Uber is set to expand its food delivery business to seven more New Zealand cities this year, including Napier and Hastings.
Elisa Janiec, head of Uber in New Zealand and regional Australia, said the roll out to smaller cities would be phased in throughout the year, starting with the lower North Island.
From April, the US ridesharing will introduce Uber Eats in Palmerston North, Napier, Hastings and Rotorua. Delivery fees will start from $4.99. It would be rolled out to two undisclosed South Island cities and another in the North Island later in the year.
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A spokesperson from Havelock North based Pipi Cafe said it is certainly an option they will provide but after testing their own delivery system over the Rugby World Cup they found people were still willing to come into the business.
"We maybe delivered to two houses when we did it, so it's something that I'm not sure will take off but it is certainly something we will offer as part of our ordering app," she said.
"It seems people in Hawke's Bay and Havelock North especially just tend to go out and get their food because everything here is close and it's not like a big city where traffic is a problem."
A Cafe Anatolia Napier spokesperson said it was an exciting prospect for the region.
"For us the majority of our customers are 'dine in' so although Uber Eats may be a good option going forward, we will need to look into how our customers will receive it and if they would use it."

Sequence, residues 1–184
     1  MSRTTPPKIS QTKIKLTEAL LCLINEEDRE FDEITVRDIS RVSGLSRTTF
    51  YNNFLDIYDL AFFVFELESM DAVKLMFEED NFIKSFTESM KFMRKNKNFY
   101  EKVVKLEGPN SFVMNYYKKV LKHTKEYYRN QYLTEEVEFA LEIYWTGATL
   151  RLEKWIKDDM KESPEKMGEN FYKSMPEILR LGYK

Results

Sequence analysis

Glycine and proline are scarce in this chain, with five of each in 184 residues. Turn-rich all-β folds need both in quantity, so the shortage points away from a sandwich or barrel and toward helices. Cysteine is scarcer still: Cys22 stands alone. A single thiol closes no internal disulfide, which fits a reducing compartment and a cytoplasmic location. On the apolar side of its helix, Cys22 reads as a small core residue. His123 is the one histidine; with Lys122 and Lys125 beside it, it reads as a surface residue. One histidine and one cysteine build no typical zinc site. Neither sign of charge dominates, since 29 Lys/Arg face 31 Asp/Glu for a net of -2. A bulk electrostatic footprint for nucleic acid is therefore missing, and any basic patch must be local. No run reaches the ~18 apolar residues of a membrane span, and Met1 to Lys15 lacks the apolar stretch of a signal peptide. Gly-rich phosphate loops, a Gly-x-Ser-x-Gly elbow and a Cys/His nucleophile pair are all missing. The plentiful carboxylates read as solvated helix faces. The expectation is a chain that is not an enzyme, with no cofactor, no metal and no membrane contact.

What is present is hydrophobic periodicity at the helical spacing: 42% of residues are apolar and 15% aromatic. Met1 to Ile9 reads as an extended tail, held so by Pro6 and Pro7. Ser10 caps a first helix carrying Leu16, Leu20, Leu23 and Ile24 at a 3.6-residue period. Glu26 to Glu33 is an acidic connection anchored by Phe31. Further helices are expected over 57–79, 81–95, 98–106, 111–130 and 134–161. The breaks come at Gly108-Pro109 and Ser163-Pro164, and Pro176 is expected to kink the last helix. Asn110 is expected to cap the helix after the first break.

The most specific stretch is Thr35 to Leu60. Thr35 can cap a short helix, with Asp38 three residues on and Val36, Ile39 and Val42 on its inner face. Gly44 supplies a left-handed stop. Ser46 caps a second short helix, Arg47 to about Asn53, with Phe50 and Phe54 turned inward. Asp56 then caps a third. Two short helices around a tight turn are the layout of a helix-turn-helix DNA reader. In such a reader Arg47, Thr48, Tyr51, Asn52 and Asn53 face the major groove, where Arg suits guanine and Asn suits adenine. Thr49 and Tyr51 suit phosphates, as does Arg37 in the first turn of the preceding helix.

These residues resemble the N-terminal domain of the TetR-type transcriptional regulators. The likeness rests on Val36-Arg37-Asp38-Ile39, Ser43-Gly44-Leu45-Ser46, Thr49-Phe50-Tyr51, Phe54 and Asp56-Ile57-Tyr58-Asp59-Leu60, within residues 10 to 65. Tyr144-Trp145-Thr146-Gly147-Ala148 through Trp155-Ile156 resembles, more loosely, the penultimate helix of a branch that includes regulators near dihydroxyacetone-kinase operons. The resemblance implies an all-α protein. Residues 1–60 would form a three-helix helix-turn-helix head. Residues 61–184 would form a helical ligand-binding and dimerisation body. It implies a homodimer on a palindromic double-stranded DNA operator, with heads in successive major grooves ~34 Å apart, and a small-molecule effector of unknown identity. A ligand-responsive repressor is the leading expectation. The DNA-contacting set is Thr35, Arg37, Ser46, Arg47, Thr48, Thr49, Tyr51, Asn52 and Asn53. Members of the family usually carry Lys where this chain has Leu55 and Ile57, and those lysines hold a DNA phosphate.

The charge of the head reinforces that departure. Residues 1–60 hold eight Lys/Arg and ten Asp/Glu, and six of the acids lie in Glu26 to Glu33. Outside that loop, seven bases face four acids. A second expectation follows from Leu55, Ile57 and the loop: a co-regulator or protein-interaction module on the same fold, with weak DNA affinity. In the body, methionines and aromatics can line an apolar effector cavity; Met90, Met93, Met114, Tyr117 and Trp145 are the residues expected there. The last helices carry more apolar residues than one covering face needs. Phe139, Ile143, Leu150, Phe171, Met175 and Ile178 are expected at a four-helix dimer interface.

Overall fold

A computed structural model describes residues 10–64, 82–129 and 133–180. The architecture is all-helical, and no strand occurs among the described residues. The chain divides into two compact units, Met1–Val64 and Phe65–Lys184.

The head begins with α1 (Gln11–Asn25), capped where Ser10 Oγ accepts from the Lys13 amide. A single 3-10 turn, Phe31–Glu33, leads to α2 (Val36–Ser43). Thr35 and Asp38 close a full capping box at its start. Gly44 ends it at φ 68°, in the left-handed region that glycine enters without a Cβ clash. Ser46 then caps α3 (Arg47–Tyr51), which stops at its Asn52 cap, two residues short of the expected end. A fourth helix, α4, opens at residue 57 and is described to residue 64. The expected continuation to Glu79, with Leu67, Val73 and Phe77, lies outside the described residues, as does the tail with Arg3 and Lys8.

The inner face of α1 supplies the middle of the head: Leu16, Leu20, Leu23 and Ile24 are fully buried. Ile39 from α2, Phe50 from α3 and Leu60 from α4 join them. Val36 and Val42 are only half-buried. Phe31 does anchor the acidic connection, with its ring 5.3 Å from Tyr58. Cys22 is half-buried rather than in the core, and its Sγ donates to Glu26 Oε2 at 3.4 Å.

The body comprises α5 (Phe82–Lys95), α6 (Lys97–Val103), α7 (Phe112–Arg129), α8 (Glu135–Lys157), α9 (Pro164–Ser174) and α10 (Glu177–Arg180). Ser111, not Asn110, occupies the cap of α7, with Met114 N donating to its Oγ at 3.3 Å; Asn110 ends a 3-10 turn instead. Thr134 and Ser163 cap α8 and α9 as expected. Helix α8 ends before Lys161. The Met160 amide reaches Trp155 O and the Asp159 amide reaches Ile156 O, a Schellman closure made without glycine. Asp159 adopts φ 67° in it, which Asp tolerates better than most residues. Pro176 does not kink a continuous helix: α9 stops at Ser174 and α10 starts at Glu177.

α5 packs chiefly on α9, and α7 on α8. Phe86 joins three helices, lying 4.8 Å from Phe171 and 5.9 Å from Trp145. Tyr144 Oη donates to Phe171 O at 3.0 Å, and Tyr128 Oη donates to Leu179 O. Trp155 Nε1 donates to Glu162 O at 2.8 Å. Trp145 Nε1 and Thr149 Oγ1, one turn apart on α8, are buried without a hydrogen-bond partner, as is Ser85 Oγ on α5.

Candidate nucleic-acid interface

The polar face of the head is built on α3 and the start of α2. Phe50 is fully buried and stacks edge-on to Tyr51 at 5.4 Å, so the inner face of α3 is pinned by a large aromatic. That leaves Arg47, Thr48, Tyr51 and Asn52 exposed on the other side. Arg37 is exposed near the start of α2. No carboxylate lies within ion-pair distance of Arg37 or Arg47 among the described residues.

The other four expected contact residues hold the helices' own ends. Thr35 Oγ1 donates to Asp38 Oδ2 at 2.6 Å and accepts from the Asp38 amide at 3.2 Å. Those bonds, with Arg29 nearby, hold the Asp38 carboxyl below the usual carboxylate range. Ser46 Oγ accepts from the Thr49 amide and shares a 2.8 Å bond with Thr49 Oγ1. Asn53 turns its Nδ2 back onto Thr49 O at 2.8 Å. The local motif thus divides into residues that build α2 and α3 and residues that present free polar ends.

Uber Eats was first introduced to New Zealand, in Auckland, in 2017. Uber has said in earlier interviews that it had been "blown away" by the uptake in the business in New Zealand.
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Janiec could not share any financials details but said the growth in its food business was strong and it now had more than 1000 restaurants using its platform nationwide.
She said the investment Uber had made into its latest advertising campaign, which reportedly saw the company pay reality TV star Kim Kardashian West $1.35 million to feature in the 20-second video, had paid off in the region.
"We saw very good year-on-year growth and that suggests that we're doing the right thing and ticking those boxes."
Publicly listed Uber lost US$8.5 billion ($13.3b) in the 2019 financial year, but it believes it can become profitable by the end of 2020. In the last three months of FY19, the company posted revenue of $4.1b ($6.4b).
Uber is busy at work trialling the concept of enabling everyday groceries to be delivered through its Uber Eats platform. It has partnered with a number of supermarket chains in Melbourne, including with Coles, which it says is showing "very promising" results.
It is looking to bring the concept to New Zealand.
Similarly to its model for delivering meals through Uber Eats, it wants to be able to deliver groceries or a single ingredient to users within the same 30-minute timeframe.
It has not yet been decided if the grocery offering would operate through its own app or via a grocery tag in the Uber Eats app, as it is being trialled through at present, she said.